All versions: Icons that don't belong to any bucket in the Icon Library now can be found in a new "Other" bucket (other than the "All" bucket of course).
Mockups for Desktop: fixed our native .deb package to remove the Ubuntu 11.04 package is of bad quality issue. Thanks Roger W. and Hervé L. for reporting this!
How do I update?
Easy! Just install from our download page on top of your current installation. You won't have to re-register.
On June 19th our little company turned three years old! We now have over 50k customers, sold over $6,600,000 of Mockups, and are lucky enough to be working with nine awesome people, doing what we love together. Who knows, maybe we even helped rid the world of a little bit of bad software, which is still our ultimate goal. Life's too short for bad software! :)
I don't usually dwell on things, but I'm letting myself be proud for 5 minutes today. Here's to 30 more years! :)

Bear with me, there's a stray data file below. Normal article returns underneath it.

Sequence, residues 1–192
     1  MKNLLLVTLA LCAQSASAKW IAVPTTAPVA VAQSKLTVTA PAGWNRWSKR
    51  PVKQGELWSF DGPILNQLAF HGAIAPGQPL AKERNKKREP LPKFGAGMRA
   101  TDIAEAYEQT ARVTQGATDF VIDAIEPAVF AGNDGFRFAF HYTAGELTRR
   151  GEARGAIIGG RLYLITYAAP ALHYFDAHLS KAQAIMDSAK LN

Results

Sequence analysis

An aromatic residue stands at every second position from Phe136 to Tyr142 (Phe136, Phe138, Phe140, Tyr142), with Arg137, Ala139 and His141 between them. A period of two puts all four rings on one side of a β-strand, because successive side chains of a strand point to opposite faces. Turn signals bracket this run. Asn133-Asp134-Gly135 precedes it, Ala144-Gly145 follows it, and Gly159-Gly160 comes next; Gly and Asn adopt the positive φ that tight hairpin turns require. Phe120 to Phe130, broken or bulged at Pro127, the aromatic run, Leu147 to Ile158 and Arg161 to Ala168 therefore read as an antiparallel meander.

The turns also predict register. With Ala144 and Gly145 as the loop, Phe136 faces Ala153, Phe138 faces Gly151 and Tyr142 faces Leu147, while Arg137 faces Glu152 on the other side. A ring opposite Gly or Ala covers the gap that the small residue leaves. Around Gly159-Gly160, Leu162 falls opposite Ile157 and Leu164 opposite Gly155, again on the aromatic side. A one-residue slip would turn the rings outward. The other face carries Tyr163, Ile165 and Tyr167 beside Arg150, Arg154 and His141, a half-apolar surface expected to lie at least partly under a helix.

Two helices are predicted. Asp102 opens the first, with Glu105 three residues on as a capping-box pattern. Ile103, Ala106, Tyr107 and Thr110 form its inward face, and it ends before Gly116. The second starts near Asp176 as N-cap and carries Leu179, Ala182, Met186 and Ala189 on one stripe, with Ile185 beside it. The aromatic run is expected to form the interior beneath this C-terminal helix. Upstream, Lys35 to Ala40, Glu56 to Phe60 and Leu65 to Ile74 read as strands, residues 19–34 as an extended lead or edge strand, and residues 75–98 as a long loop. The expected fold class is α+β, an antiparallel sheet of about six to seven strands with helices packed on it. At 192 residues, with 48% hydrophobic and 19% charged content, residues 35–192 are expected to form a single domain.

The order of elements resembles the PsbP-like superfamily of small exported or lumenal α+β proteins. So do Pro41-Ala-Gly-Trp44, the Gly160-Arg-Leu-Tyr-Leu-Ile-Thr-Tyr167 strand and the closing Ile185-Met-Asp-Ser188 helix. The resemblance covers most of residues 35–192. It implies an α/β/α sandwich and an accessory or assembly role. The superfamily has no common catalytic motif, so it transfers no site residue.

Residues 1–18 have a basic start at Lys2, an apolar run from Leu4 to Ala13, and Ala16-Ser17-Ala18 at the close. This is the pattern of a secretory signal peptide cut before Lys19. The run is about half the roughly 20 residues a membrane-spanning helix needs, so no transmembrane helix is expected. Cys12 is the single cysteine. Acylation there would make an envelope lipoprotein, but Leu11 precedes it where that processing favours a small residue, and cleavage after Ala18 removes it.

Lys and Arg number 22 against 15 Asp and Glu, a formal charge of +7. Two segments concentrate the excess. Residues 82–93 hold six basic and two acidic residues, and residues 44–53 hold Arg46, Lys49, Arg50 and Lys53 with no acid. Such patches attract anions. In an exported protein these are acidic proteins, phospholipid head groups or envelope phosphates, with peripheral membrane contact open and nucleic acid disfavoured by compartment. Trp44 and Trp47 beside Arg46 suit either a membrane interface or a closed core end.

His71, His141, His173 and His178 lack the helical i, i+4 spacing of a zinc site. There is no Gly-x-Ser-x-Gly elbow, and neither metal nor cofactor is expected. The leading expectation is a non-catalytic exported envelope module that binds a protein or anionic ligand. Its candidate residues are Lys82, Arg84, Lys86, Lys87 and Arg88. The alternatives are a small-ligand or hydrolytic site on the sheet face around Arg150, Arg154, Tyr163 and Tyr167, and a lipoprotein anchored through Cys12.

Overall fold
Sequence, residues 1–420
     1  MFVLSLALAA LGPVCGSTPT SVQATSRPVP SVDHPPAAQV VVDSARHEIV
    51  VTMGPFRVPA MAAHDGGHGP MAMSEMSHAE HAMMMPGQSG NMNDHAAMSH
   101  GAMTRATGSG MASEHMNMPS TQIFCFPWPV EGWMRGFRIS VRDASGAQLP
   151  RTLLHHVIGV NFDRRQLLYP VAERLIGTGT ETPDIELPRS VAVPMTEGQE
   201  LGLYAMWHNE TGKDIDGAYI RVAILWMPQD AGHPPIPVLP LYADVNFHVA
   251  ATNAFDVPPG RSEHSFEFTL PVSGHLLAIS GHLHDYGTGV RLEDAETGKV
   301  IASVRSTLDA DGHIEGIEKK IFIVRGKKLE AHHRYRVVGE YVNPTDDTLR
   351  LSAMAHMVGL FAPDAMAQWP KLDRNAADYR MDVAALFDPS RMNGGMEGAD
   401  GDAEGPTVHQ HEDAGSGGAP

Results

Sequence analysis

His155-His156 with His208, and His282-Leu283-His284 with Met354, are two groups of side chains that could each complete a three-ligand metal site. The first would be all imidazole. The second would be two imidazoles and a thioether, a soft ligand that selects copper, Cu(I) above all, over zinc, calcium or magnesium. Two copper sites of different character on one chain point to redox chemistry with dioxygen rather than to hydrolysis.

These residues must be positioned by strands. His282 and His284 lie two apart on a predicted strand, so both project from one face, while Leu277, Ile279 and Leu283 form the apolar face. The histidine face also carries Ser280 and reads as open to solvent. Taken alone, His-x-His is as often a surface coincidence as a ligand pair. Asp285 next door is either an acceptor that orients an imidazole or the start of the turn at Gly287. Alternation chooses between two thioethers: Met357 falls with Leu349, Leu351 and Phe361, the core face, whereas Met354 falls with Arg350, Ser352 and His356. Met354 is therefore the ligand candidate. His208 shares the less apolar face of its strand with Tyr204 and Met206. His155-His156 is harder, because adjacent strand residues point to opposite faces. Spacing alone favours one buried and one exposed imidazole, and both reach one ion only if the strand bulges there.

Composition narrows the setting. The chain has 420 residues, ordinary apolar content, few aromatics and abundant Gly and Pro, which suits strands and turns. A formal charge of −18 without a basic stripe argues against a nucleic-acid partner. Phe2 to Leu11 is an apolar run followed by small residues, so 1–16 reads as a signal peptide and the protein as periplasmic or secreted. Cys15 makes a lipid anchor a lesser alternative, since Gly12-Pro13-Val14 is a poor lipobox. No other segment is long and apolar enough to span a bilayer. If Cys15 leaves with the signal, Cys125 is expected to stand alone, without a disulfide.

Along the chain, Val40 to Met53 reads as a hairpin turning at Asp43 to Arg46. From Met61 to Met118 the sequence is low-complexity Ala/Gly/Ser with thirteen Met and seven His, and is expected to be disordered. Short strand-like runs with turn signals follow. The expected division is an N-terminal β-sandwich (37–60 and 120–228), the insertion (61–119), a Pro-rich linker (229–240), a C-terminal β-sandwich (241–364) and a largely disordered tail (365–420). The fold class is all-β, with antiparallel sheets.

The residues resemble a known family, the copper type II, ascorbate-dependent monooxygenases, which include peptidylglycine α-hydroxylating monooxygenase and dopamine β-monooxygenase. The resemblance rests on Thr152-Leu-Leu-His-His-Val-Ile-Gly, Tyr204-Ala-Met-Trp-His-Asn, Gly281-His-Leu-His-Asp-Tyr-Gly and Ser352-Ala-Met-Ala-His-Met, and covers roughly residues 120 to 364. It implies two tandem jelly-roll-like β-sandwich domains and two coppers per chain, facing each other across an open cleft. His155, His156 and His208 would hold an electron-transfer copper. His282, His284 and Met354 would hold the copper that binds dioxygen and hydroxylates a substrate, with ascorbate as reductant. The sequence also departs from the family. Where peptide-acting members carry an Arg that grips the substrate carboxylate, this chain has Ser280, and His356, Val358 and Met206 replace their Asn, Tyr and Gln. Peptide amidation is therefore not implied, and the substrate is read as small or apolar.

Hi friends. I know, it's been almost a month since our last release, but I think you'll agree this one was worth the wait.
Take a look!
Shift+Drag to toggle selection!
This subtle-but-awesome change is too hard to describe in text so I made a little video about it.
Big thanks go out to GooeyGrl, Julian Whitacker and Jenni Merrifield for schooling us on the right conventions to use, to Greig Varga for a related request and to David Hirschfeld for helping us debug this awesome little feature.
What else is new